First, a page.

Lizzy’s response: “True; and nobody can ever be introduced in a ball room. Well, Colonel Fitzwilliam, what do I play next? My fingers wait your orders.” She’s such a wise@ss, and that’s why we love her.
But then there’s Darcy’s explanation: “Perhaps . . . I should have judged better, had I sought an introduction, but I am ill qualified to recommend myself to strangers.”
I’m cutting off the quote here, as I don’t want to get mushy over Darcy getting mushy over Lizzy’s piano playing and singing. My point is simply that I understand Darcy—this is textbook introvert behavior, and I have read that particular textbook. Hell, I wrote that particular textbook. Should he have tried a little harder to get to know the people at the assembly, instead of being insulting and bored? Probably. But also, could he have been better approached by his sort-of friends? Definitely, especially if they’d gotten their hands on this helpful essay in The Atlantic. I blame the space-time continuum and a marked difference in printing technology—you know, minor details—but whatever.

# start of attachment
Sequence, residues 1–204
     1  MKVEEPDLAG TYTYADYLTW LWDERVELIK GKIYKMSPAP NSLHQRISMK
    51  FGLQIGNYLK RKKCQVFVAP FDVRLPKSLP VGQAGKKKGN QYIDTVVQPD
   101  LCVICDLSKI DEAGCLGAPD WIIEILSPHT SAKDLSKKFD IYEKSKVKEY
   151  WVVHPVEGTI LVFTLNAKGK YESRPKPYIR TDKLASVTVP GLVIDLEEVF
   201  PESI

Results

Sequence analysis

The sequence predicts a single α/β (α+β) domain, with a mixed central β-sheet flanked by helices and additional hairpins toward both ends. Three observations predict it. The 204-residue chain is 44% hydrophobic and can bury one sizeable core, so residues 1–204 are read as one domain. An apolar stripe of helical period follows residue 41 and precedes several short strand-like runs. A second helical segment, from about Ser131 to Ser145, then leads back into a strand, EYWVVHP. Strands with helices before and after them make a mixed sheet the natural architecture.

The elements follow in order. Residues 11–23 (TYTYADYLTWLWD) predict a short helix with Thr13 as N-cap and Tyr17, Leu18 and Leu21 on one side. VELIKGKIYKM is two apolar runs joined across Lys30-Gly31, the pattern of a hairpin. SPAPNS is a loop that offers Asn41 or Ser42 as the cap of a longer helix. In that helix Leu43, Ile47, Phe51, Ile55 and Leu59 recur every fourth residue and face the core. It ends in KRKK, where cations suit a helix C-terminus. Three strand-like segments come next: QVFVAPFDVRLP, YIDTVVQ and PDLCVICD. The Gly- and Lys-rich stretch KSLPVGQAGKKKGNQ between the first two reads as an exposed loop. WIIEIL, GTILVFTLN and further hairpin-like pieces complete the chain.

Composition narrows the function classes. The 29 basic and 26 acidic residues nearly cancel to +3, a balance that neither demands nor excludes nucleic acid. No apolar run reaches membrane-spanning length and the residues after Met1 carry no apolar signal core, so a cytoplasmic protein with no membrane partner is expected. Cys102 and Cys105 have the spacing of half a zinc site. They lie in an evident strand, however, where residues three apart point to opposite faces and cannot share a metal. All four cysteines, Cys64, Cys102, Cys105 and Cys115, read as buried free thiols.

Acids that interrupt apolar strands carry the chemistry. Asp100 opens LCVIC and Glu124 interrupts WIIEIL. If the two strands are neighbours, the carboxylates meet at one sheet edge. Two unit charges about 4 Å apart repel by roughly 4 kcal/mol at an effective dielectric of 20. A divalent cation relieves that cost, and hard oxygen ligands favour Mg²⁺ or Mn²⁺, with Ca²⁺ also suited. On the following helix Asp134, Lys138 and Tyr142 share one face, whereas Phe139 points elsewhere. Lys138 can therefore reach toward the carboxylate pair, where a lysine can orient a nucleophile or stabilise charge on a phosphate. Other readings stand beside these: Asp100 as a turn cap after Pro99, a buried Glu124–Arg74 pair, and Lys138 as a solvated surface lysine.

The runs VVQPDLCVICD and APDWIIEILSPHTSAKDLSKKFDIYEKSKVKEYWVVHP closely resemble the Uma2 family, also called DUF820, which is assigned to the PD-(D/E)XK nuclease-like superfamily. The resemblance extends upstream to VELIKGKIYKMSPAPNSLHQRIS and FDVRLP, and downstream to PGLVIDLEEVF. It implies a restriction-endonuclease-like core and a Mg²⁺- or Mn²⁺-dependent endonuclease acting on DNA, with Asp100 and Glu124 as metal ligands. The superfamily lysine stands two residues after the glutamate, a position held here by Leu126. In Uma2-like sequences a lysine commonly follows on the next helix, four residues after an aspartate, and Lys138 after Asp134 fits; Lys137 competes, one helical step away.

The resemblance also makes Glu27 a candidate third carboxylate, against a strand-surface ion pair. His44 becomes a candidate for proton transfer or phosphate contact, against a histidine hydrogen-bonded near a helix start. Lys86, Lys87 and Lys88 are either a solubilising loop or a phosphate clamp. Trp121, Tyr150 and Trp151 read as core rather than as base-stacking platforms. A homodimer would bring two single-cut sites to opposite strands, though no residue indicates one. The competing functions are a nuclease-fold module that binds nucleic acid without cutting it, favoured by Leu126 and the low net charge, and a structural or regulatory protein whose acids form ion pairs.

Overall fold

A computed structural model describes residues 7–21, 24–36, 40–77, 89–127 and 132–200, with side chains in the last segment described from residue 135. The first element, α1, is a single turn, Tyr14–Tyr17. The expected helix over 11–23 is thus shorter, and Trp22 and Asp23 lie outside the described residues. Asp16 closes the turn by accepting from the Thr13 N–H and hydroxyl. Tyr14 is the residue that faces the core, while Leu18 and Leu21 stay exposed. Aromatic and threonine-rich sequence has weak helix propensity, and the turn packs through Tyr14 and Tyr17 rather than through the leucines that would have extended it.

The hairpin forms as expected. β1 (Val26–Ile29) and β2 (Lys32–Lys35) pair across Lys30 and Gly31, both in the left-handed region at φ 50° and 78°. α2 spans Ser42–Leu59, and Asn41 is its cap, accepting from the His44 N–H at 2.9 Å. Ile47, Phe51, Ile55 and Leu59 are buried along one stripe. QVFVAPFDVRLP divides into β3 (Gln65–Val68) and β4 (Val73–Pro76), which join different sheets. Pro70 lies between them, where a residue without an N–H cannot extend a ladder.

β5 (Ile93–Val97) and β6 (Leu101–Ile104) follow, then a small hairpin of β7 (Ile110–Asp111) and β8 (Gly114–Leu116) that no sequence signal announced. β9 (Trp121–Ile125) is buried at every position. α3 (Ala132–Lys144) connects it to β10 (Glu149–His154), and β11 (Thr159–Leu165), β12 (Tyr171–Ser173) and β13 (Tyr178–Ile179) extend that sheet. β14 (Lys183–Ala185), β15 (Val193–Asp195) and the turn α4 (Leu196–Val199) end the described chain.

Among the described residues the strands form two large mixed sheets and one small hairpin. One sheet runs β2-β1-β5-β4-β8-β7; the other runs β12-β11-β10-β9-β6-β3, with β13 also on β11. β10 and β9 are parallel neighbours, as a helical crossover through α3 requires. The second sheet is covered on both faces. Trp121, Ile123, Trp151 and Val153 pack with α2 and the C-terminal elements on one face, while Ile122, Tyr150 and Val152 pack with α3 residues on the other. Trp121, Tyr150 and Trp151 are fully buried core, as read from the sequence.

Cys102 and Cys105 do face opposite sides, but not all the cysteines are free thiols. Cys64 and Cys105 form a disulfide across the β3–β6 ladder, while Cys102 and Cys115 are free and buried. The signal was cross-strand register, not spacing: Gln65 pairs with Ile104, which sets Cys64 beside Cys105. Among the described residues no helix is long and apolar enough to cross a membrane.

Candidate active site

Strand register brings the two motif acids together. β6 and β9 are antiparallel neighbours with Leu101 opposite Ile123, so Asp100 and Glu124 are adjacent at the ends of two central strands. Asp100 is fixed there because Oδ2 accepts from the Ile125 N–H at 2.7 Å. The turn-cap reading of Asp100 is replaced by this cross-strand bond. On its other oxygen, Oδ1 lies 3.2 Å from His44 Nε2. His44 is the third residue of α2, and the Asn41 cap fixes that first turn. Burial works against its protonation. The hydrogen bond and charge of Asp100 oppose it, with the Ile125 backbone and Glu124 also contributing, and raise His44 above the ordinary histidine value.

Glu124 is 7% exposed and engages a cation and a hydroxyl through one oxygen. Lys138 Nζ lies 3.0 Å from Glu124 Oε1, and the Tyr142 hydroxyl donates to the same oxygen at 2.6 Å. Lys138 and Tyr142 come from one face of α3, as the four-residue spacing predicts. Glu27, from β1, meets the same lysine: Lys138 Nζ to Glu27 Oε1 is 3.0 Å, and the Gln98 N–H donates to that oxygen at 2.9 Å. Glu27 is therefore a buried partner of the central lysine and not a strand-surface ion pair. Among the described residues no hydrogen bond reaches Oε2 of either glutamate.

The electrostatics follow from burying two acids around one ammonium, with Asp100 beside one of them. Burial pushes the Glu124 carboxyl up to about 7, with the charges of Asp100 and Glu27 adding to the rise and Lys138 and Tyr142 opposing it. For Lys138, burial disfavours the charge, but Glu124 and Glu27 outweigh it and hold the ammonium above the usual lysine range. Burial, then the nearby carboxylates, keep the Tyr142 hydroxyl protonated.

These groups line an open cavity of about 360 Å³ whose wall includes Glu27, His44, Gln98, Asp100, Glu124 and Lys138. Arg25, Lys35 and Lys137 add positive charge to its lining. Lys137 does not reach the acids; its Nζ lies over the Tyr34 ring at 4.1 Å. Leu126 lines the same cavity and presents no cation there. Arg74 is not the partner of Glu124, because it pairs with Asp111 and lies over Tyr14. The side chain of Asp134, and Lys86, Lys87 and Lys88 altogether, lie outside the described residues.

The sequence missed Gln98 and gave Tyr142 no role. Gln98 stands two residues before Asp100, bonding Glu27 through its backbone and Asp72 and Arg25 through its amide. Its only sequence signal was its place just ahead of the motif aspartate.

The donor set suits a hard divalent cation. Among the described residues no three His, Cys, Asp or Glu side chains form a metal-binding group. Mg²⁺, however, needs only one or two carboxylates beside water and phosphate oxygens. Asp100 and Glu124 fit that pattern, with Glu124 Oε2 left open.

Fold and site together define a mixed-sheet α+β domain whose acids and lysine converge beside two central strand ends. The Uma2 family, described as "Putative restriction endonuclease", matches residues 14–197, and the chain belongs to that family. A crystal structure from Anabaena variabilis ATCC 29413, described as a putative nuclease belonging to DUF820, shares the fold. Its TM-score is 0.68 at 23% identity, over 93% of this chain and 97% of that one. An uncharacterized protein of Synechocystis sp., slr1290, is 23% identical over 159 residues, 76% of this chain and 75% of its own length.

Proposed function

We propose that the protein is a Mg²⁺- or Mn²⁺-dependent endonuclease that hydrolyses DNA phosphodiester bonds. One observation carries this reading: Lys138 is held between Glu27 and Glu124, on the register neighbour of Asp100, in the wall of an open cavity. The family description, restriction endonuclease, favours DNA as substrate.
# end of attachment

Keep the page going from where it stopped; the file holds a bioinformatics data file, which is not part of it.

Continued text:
Of course—and we say this looking pointedly at Mr. Darcy—”introvert” does not necessarily equal “social reject” . . . so don’t give the rest of us a bad name. Some introverts are perfectly capable of holding their own in group situations, as long as they can recuperate after doing so. Alternatively, a person who’s fun and conversational with his or her friends isn’t necessarily an extrovert. It takes energy, people! Believe it when someone claims introvert status, and be glad they’re talking to you at all. Seriously: we’re a picky bunch.
If you’re the introvert in question, you could, of course, also try my current experiment—see if you can get to know the people around you (coworkers, churchgoers, potential dance partners at the local assembly), and you never know what might happen! You might find a pair of fine eyes (with or without exercise), and you might find that your former nemesis is actually the love of your life. If nothing else, perhaps the next gathering might not be so hard—and you won’t get called out for stranding some girl on the sidelines.